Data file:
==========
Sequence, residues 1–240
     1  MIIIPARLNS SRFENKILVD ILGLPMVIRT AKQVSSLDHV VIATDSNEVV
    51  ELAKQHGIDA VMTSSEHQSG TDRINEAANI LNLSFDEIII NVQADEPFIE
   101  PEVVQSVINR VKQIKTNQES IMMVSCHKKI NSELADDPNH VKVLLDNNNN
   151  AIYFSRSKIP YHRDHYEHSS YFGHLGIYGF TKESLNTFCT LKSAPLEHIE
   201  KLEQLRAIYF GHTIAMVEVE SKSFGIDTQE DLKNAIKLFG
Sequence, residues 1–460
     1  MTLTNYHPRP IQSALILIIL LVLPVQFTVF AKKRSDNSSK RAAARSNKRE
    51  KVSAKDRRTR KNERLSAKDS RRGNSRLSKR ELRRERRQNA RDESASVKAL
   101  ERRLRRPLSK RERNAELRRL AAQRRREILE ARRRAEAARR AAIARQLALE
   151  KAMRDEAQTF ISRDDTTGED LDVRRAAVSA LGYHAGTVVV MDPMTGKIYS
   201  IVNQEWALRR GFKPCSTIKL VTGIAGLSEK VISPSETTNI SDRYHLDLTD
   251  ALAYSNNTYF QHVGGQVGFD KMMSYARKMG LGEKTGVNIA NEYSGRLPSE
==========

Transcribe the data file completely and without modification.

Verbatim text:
Sequence, residues 1–240
     1  MIIIPARLNS SRFENKILVD ILGLPMVIRT AKQVSSLDHV VIATDSNEVV
    51  ELAKQHGIDA VMTSSEHQSG TDRINEAANI LNLSFDEIII NVQADEPFIE
   101  PEVVQSVINR VKQIKTNQES IMMVSCHKKI NSELADDPNH VKVLLDNNNN
   151  AIYFSRSKIP YHRDHYEHSS YFGHLGIYGF TKESLNTFCT LKSAPLEHIE
   201  KLEQLRAIYF GHTIAMVEVE SKSFGIDTQE DLKNAIKLFG
Sequence, residues 1–460
     1  MTLTNYHPRP IQSALILIIL LVLPVQFTVF AKKRSDNSSK RAAARSNKRE
    51  KVSAKDRRTR KNERLSAKDS RRGNSRLSKR ELRRERRQNA RDESASVKAL
   101  ERRLRRPLSK RERNAELRRL AAQRRREILE ARRRAEAARR AAIARQLALE
   151  KAMRDEAQTF ISRDDTTGED LDVRRAAVSA LGYHAGTVVV MDPMTGKIYS
   201  IVNQEWALRR GFKPCSTIKL VTGIAGLSEK VISPSETTNI SDRYHLDLTD
   251  ALAYSNNTYF QHVGGQVGFD KMMSYARKMG LGEKTGVNIA NEYSGRLPSE